The IIHF Women’s World Hockey Championships took place in Brampton, Ontario over the past two weeks (April 5-16) and it was one hell of a tournament with some spectacular and shocking performances across the board. This year’s tournament included Canada, USA, Switzerland, Czechia, Japan, Finland, Sweden, Germany, Hungary, and France.
A Canada-USA gold medal game never disappoints and it was great to see Czechia take home the bronze (for the second year in a row) with a 3-2 win over Team Switzerland. But what is most amazing about this year’s tournament was the incredible performances and growth we see coming from teams that have historically gone a bit under the radar, which clearly indicate that the gap in women’s hockey is shrinking.
Team Japan has been part of the IIHF since the beginning but have had inconsistent results. The team has seen great success in the past two years and although they finished 7th in this year’s tournament, the team stood out with their speed and strategy with systems. Despite the fact that they didn’t win any games, they managed to keep games against Czechia, Switzerland, and Sweden to a one goal differential.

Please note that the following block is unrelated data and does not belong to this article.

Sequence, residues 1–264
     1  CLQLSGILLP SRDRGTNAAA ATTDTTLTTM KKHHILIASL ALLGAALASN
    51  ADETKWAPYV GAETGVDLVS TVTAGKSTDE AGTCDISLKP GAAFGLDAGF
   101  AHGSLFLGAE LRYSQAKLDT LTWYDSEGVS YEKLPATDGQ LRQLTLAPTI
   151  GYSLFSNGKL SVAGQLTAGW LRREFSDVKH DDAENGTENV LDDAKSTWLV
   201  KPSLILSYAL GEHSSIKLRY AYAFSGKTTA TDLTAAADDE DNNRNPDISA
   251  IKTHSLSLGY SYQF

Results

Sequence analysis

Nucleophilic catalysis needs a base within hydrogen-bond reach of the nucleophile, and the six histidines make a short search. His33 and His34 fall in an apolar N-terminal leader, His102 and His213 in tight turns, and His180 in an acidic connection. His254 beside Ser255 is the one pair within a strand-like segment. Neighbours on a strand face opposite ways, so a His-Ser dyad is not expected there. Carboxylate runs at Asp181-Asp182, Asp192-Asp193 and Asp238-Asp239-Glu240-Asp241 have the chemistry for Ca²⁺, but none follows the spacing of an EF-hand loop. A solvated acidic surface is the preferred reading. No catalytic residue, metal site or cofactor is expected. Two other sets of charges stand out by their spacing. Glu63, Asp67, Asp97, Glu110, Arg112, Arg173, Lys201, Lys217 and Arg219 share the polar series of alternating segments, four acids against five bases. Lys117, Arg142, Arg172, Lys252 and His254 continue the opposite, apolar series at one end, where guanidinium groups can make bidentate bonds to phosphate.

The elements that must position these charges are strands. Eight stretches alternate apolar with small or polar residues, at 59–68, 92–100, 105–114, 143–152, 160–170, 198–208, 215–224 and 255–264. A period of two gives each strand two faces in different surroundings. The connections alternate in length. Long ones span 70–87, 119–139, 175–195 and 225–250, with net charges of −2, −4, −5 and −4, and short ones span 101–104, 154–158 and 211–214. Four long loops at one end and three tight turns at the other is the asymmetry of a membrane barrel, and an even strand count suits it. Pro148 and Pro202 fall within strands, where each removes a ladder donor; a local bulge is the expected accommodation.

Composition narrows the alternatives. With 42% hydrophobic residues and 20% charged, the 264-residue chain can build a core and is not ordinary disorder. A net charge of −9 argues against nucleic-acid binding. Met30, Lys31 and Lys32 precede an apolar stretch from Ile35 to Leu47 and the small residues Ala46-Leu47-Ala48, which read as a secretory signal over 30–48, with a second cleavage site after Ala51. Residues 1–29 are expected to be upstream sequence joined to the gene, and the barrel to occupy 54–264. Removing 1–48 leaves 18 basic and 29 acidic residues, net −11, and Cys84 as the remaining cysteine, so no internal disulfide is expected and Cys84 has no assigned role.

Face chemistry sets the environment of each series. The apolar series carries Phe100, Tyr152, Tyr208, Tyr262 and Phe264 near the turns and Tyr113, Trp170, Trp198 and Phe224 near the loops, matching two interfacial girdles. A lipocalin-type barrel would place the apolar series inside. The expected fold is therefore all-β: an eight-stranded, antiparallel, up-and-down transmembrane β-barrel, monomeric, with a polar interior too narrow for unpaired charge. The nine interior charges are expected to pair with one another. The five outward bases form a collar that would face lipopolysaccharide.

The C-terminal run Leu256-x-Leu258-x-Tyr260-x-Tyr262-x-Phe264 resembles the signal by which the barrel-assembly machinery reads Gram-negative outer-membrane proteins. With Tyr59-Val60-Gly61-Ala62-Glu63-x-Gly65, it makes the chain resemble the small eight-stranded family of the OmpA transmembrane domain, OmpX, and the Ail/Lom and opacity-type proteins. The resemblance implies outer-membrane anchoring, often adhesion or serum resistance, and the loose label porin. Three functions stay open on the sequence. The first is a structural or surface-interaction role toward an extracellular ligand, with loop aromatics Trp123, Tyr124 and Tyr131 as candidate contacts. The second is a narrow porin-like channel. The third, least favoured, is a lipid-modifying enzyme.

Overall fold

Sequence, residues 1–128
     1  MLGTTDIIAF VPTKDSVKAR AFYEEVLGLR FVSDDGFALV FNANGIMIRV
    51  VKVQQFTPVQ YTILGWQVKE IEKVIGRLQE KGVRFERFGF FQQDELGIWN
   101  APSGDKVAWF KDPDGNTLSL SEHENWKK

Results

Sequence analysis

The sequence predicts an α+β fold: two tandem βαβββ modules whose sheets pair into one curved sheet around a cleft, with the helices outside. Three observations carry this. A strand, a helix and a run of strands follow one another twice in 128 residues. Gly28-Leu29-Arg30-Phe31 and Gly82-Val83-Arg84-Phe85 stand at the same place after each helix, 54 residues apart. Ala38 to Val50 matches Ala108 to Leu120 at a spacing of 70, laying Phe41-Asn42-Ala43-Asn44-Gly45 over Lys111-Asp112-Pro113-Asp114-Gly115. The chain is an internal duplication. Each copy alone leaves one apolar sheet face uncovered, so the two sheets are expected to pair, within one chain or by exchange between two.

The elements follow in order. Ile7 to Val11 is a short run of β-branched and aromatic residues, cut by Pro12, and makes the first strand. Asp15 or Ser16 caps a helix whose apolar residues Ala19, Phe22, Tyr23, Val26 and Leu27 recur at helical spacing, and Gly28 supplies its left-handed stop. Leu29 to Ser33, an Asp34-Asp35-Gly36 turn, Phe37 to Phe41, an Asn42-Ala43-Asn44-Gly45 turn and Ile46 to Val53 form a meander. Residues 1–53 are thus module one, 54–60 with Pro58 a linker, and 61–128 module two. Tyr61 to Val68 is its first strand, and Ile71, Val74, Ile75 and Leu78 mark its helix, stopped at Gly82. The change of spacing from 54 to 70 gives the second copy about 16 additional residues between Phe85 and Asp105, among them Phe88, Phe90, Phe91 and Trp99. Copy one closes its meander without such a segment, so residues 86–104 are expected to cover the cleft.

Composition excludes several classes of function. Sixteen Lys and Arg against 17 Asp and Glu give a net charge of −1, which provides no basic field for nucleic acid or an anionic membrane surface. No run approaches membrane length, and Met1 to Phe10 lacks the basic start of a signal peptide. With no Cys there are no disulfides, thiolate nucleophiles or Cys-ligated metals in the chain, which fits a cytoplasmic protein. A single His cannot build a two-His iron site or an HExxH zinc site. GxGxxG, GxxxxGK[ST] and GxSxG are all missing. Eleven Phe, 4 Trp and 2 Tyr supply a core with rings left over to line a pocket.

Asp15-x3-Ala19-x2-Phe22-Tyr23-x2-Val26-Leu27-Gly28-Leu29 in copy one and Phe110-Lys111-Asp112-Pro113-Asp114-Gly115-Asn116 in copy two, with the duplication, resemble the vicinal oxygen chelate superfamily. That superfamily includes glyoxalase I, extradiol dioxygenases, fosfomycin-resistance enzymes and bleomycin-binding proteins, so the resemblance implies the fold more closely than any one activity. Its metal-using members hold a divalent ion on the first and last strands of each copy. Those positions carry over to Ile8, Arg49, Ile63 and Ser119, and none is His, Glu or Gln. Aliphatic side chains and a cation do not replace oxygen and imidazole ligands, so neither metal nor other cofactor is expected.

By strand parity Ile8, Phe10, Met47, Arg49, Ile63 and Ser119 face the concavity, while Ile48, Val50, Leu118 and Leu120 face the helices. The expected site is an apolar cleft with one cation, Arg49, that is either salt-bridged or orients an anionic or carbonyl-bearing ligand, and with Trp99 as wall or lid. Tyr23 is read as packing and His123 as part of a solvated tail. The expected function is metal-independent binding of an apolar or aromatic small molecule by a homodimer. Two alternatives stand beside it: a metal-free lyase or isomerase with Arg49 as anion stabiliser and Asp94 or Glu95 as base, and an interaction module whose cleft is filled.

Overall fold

Team Germany really set the tone to their tournament with a major 6-2 win over Team Sweden, despite Sweden scoring the first goal. Germany utilized their special teams on the power play to get back in the game and took reins heading into the second and third periods. In the teams 3-0 losses against USA and Finland, their goaltender played lights out, stopping 49 and 40 shots, respectively.
The gold medal games are usually predicted to be between Canada and USA and although that may not change in the next couple years, the fight for bronze has become much more of a toss-up than in past years.This can be seen with Czechia’s repeat of taking home the bronze medal.
Most importantly, we are seeing all teams really compete and hold the North Americans to closer scores and seeing less double digit blowout games. Women’s hockey is growing in skill set, talent, and competitiveness on a global scale and it is important to take note of these important wins and note how much progress has been made by all teams each year.
In the podcast (The Athletic Mind), we discuss the growth of the women’s game on an international level a bit more in depth and what the next steps could possibly be for creating even further development in the women’s international game. For the full episode, click here.
Taylor Cook | High Performance Coach